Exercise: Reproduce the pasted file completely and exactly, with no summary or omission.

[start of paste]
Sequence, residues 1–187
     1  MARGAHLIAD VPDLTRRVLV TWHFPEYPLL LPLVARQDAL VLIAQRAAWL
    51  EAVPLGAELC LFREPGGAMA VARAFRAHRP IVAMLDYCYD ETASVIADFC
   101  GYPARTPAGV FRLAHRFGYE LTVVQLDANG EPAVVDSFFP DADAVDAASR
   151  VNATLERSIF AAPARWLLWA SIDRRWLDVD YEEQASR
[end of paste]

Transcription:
Sequence, residues 1–187
     1  MARGAHLIAD VPDLTRRVLV TWHFPEYPLL LPLVARQDAL VLIAQRAAWL
    51  EAVPLGAELC LFREPGGAMA VARAFRAHRP IVAMLDYCYD ETASVIADFC
   101  GYPARTPAGV FRLAHRFGYE LTVVQLDANG EPAVVDSFFP DADAVDAASR
   151  VNATLERSIF AAPARWLLWA SIDRRWLDVD YEEQASR